• Rhetoric doesn’t cut it, Andrew. You need a counter-exegesis. Provide one if you can and I shall argue it out with you in good faith. I’m sure you’d hate readers to draw the conclusion that you don’t have one.

            Where is my exegesis from Leviticus and 1 Corinthians in error?

          • No, read the best-qualified exegetes, e.g. SBL members of whom there are hundreds or thousands.

            All readers will know already that Andrew’s use of ‘old’ and ‘tired’ and ‘different approach’ makes no sense.

            (1) Old. Whether things are old or new obviously has no bearing on their truth. AG writes as though it does. Therefore what he says proceeds from an inaccurate basis.

            (2) Tired. This means ‘oft-repeated’. True and untrue things are both oft-repeated. Therefore this factor is also irrelevant.

            (3) Different approach. So one of the most debated topics in existence has not attracted the right approach yet, despite so many well-qualified people contributing. What we need is something new? Trillions of things would be new here, most of which would be worthless, and as for the others one would wonder why they had never been seen before given how long this ‘debate’ has been dragging on. This is the irrational neophilia of the secularist, which does not explain why novelty is a virtue in this particular context given that in all other contexts it is a neutral consideration.

          • Christopher: your generalisations are remarkable.
            “Old. Whether things are old or new obviously has no bearing on their truth. AG writes as though it does. Therefore what he says proceeds from an inaccurate basis.”
            New discoveries are being made about the universe regularly as just one example. New discovery is based on emerging understanding about the way things are. So being new clearly *can* have a considerable bearing upon our perception of the truth, which is frequently incomplete.

            “Tired. This means ‘oft-repeated’. True and untrue things are both oft-repeated. Therefore this factor is also irrelevant.“
            Quite wrong. Tired means that a rest is needed. Reference the article by John Smith. We need to rest from the approach we have been taking to try something different.

            “Different approach. So one of the most debated topics in existence has not attracted the right approach yet, despite so many well-qualified people contributing. What we need is something new?”
            Yes. The definition of lunacy is carrying on doing the same thing and expecting a different outcome. Again, the reference is to the article by John Smith.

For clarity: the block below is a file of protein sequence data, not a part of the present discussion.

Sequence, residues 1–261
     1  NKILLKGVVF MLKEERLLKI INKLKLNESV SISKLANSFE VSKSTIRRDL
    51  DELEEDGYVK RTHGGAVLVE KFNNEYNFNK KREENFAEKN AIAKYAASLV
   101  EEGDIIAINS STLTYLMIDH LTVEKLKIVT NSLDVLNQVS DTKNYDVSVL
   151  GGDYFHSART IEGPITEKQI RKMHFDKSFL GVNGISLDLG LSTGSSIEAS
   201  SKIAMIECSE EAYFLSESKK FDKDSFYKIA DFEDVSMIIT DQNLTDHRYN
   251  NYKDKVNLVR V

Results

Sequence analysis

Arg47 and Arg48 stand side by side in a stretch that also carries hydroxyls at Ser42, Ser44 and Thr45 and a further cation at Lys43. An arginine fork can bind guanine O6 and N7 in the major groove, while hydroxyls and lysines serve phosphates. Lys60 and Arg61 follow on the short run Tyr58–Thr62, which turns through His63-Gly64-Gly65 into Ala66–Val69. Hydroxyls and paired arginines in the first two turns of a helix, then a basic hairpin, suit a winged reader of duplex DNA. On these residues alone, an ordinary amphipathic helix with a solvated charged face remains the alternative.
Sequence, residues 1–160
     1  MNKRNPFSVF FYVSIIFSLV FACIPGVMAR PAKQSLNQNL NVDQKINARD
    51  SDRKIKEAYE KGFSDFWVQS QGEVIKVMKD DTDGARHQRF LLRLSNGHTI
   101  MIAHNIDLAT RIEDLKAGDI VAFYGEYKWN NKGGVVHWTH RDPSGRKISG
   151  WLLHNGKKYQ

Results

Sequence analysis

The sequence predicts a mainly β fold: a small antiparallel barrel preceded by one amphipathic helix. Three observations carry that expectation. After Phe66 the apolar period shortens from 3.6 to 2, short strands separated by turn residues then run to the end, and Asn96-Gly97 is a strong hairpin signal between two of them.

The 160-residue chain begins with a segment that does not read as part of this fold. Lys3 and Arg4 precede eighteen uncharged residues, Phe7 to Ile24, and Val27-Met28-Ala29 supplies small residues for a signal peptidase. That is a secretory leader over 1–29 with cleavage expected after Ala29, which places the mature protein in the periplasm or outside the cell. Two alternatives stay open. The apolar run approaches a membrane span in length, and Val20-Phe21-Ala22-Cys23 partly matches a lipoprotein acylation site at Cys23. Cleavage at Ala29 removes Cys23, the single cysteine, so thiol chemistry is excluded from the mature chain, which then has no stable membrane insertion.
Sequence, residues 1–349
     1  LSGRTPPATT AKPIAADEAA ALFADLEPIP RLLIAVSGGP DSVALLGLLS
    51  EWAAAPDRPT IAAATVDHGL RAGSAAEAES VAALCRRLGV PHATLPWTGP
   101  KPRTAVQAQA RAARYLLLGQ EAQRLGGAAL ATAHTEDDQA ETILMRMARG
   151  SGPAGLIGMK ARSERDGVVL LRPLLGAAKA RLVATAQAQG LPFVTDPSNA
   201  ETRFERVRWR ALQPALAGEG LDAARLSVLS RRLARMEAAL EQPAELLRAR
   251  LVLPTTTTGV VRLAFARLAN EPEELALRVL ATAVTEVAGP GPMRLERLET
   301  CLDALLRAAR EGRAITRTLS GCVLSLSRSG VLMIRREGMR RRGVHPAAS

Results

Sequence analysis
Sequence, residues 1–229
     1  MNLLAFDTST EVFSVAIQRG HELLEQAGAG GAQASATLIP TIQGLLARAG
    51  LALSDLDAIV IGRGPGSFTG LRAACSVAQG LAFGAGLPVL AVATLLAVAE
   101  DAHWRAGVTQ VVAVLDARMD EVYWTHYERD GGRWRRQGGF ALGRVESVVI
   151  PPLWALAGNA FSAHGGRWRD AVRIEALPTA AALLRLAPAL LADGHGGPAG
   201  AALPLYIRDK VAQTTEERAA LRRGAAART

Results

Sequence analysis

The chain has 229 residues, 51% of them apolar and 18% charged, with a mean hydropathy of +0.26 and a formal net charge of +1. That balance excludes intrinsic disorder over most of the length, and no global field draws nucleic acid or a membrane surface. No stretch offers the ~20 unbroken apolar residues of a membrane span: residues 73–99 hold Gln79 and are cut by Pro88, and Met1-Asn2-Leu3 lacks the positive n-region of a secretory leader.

• We’re not all doing the same thing. We’re doing many different things. And what informed people are doing is presumably the most informed activity available. ‘X is not working so try anything but X’ is a logical fallacy. X could still be logically better than any alternative, but what is for sure is that it is not the worst possible alternative that it is portrayed to be. The collective efforts of interested parties would not have been pursuing the worst possible alternative.

            New accurate discoveries are made and new incorrect theories also get posited. Both are equally new. There are 4 categories. New and accurate. New and inaccurate. Old and accurate. Old and inaccurate.

            Who is the ‘we’ that has been doing all these things?

            You talk as though an impasse discussion has been taking place. Only if one identifies with the C of E (or, rather, the portion of the C of E that takes such discussions seriously) in the first place. But the vast majority do not. This is C of E solipsism. If one followed plenty of other ways then ‘Oh what an impasse’ would not be one’s reality. Many need to get out more. Few are likely to take seriously an ‘impasse’ between wishful thinking on the one hand and evidence on the other. Such an impasse is exactly what would have been predicted. Widespread failure even to mention reams of central evidence confirms this perspective.

          • I’m sorry Christopher that is all just very typically vague and general waffle that doesn’t engage with anything I wrote.

          • that is all just very typically vague and general waffle that doesn’t engage with anything I wrote.

            So, Mr Pot, what colour would you be describing that kettle as?

          • If, Andrew, you understand the exegeses of the people you cite against mine, you will be able to explain what you consider to be the errors in my exegesis concisely. This is a public forum, not a private conversation, and readers are entitled to draw their own conclusions from your lack of engagement.

          • “you will be able to explain what you consider to be the errors in my exegesis concisely”….
            I already did. The texts you are referring to do not address the question of faithful partnerships.
            Now let me ask you a question. Do you think it was right for the Queen, acting for the Govt, to grant Alan Turing a royal pardon?

          • In a very general way Anton. Leviticus condemns quite a number of things that we now disregard.
            Are you able to answer the question I put to you?